Background and Objectives

With the number of tattoos increasing, a rising number of complications have also been reported, such as allergic and foreign body reactions or the development of malignant tumors. We discuss 19 patients with alterations in skin tattoos, define clinicopathologic characteristics and give a brief review of the literature.

Patients and Methods

Biopsy specimens were obtained in 13 of 19 patients. In all cases, staining was performed with hematoxylin-eosin, periodic acid-Schiff, CD68, CD123, and CD163. The inflammatory infiltrate was classified according to the pattern analysis of Ackerman.


Three of 19 patients (15.8%) had temporary tattoos with henna and 16 (84.2%) had permanent tattoos. Histologically, among the 13 biopsy specimens we found signs of acute contact dermatitis in 2 (15.3%), lupus-like patterns in 2 (15.3%), foreign body dermatitis in 5 (38.4%), deposition of pigment without inflammation or simple scarring in 2 (15.3%), and tumors in 2 patients (15.2%), 1 of which was a malignant melanoma.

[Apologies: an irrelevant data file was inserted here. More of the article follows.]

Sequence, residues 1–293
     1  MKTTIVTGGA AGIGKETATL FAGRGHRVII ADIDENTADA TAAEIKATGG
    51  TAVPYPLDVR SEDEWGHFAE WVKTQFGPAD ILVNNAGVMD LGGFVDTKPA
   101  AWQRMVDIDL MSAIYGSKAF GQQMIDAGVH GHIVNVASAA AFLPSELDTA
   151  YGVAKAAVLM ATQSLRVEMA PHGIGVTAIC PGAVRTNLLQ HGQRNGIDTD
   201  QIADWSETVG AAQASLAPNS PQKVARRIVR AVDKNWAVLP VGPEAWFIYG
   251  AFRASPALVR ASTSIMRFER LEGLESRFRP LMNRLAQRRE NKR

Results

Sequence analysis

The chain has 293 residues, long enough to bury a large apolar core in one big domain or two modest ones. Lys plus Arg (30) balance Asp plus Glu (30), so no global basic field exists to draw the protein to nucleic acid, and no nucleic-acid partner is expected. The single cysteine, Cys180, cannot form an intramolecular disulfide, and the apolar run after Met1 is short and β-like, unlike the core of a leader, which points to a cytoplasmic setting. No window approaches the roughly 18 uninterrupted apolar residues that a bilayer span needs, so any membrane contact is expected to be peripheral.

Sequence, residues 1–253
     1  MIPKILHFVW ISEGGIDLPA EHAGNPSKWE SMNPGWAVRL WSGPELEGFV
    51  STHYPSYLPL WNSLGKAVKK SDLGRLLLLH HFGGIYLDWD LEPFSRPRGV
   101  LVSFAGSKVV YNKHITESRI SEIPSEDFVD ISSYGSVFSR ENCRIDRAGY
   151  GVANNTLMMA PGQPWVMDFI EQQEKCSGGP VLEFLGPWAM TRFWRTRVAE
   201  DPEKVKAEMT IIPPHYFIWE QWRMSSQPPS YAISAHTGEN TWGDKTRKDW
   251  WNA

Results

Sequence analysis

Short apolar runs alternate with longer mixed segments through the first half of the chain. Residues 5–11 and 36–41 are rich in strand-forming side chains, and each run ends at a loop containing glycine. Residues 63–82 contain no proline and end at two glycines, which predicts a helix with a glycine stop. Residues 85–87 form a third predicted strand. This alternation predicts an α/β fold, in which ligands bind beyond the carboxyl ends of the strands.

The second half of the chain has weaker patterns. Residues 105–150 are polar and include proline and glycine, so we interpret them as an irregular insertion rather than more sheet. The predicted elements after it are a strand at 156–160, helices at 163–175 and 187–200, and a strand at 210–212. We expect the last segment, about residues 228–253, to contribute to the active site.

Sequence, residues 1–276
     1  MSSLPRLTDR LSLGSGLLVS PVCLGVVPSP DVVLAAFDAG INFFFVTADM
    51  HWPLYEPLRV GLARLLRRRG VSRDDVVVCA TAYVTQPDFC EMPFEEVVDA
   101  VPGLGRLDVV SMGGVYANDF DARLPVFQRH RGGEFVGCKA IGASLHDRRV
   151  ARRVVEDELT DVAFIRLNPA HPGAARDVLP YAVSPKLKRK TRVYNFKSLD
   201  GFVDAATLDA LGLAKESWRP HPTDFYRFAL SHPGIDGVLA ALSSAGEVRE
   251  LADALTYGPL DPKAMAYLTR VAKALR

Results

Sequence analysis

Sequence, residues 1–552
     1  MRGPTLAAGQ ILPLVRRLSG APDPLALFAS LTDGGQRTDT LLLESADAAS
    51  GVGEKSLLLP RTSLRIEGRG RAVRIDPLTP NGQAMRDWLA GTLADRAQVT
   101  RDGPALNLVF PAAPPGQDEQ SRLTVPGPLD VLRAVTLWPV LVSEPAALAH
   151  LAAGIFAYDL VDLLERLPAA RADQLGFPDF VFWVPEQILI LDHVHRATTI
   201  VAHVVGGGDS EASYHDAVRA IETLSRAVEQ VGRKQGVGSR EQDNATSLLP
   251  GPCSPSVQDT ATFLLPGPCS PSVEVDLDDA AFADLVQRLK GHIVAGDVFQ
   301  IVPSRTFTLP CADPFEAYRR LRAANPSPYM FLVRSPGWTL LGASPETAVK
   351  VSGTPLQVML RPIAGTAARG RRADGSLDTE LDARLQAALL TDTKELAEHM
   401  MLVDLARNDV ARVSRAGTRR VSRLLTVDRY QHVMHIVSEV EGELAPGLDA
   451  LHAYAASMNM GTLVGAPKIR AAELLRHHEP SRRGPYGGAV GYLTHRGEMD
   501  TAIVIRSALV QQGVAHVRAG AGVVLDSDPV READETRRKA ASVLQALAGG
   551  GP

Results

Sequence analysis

Clinical presentation frequently, but not always, correlates with the histologic pattern. Obtaining a biopsy can be helpful in determining further investigations, for example allergy testing or a search for systemic involvement in cases of tattoo sarcoidosis.